Whenever I think of the harmonic minor scale I can’t help but hear the opening phrases of Toccata and Fugue in D Minor. A staple in classical music and a fan favorite of the neoclassical shredders, it’s sinister sound catches the ear. While I’m not a neoclassical shredder, I do appreciate this scale as it’s one of the few scales that actually sounds good even when played straight up and down. Let’s dive in and see what makes up this scale.
Intervals of the Harmonic Minor Scale
The harmonic minor scale is made up of all the same intervals as the natural minor scale with the exception of the 7th. The natural minor scale contains a minor 7th interval, whereas the harmonic minor scale contains a major 7th interval.
For comparison, let’s have a listen to the D natural minor scale and the D harmonic minor scale:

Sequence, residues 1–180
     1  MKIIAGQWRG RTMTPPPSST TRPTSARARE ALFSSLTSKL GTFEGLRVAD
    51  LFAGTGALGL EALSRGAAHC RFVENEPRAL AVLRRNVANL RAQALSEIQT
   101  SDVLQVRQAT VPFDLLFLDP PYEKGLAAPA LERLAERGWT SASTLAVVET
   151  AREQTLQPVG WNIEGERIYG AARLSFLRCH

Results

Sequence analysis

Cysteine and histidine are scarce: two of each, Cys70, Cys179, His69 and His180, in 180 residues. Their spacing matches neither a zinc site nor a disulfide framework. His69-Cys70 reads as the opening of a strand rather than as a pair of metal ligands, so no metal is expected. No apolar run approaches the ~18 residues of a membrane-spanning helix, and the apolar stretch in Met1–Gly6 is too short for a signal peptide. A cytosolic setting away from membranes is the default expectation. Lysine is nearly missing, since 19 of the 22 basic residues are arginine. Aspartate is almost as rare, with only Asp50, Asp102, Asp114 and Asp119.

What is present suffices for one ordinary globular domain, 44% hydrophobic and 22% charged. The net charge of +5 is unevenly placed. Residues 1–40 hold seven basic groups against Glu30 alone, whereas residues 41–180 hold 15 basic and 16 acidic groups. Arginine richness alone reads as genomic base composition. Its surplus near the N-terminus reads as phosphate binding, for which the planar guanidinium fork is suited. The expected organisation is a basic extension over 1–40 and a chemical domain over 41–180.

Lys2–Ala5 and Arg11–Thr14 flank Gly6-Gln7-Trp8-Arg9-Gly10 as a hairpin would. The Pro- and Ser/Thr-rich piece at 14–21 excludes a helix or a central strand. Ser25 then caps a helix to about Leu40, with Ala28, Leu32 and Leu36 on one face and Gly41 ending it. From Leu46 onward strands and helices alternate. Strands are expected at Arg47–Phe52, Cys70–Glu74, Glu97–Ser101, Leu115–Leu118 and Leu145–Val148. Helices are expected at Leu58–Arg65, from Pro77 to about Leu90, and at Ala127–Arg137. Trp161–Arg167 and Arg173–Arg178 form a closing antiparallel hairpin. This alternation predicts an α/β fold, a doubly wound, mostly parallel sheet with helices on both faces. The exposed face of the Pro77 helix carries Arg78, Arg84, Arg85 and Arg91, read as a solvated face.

D Natural Minor:
D Harmonic Minor:
While there is only a 1/2 step difference between the 7th interval of both scales (minor 7 vs. major 7), the difference in sound is highly noticeable. The raised 7th of the harmonic minor is more dissonant and creates a stronger resolve to the tonic, D.
Mapping the Harmonic Minor to the Fretboard
Below are the 5 positions of the harmonic minor scale mapped to the guitar fretboard. When practicing the scale, start and end on the root note. This will help associate the scale patterns based on the position of the root notes.
The diagrams below show how each of the 5 positions are connected above/below: